In this paper we investigate the problem of controlled synchronization as a regulator problem. In controlled synchronization one is given autonomous transmitter dynamics and controlled receiver dynamics. The question is to find a (output) feedback controller that achieves matching between transmitter and controlled receiver. Several variants of the problem where the standard solvability assumptions for the regulator problem are not met turn out to have a solution. Simulations on two standard synchronization examples are also included. Copyright © 2000 John Wiley & Sons, Ltd.

A dynamical system consists of a smooth vectorfield defined on a differentiable manifold, and a smooth mapping from the manifold to the real numbers. The vectorfield represents the dynamics of a physical system. The mapping stands for a measuring device by which experimental information on the dynamics is made available. The information itself is modeled as a sampled version of the image of the state trajectory under the smooth mapping. In this paper the observability of this set-up is discussed from the viewpoint of genericity. First the observability property is expressed in terms of transversality conditions. Then the theory of transversal intersection is called upon to yield the desired results. It is shown that almost any measuring device will combine with a given physical system to form an observable dynamical system, if (2n plus 1) samples are taken and not fewer, where n is the dimension of the manifold.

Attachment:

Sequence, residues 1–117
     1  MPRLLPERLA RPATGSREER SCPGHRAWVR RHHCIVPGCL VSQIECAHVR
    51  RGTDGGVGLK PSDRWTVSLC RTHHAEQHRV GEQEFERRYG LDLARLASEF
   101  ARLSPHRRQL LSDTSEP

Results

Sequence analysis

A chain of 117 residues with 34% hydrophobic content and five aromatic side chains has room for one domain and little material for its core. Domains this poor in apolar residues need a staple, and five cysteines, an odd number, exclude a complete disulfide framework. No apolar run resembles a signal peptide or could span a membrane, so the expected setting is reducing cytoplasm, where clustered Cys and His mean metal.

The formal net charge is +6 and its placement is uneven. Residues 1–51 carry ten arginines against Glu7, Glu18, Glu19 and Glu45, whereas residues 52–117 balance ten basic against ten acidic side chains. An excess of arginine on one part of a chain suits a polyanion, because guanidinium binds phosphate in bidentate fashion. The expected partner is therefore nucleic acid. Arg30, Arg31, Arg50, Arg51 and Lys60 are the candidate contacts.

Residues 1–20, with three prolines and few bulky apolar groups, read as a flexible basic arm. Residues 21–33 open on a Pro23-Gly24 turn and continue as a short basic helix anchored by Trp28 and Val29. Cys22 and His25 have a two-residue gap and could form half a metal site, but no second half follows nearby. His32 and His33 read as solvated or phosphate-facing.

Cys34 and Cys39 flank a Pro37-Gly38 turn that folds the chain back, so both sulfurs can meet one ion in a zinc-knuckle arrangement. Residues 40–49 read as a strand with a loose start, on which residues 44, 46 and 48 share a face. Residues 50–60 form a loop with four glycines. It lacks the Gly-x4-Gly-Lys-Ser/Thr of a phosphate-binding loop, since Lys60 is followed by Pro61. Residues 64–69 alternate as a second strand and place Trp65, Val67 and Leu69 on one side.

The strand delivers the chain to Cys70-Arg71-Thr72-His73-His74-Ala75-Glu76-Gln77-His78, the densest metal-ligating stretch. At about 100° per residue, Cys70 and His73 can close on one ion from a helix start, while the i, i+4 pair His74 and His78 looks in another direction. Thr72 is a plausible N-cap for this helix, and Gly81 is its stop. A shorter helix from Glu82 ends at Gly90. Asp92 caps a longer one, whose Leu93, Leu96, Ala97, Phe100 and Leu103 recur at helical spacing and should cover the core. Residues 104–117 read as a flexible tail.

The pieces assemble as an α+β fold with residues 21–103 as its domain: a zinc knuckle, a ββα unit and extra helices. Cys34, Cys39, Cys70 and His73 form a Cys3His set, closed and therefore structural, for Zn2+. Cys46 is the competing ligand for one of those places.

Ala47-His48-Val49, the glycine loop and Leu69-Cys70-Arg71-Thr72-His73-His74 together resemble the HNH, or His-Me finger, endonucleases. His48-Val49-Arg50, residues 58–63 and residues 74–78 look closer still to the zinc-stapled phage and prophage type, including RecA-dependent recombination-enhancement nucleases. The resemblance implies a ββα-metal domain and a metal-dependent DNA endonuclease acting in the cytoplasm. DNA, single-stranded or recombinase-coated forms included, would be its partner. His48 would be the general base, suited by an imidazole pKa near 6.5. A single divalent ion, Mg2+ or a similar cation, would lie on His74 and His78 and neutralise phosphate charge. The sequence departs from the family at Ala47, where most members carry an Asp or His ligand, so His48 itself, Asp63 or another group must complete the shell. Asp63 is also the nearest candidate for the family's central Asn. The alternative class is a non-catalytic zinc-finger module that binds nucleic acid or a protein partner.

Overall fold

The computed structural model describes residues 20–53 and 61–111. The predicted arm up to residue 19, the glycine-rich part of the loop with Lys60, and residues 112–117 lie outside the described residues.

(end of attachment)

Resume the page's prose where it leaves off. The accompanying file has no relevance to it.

A new method for designing asymptotic observers for a class of nonlinear systems is presented. The error between the state of the systems and the state of the observer in appropriate coordinates evolves linearly and can be made to decay aribtrarily exponentially fast.

Communication using chaotic systems is considered from a control
point of view It is shown that parameter identification methods may be
effective in building reconstruction mechanisms, even when a
synchronizing system is not available. Three worked examples show the
potentials of the proposed method

In the literature on dynamical systems analysis and the control of
systems with complex behavior, the topic of synchronization of the
response of systems has received considerable attention. This concept is
revisited in the light of the classical notion of observers from
(non)linear control theory,

This paper studies the problem of modeling and control of multiple
cooperative underactuated manipulators handling a rigid object. We
reveal holonomic property of such a system by presenting a smooth
feedback controller subject to two conditions: 1) there are not fewer
active joints than the degrees of freedom of the object; and 2) the
Jacobian matrix with respect to passive joints is not singular. This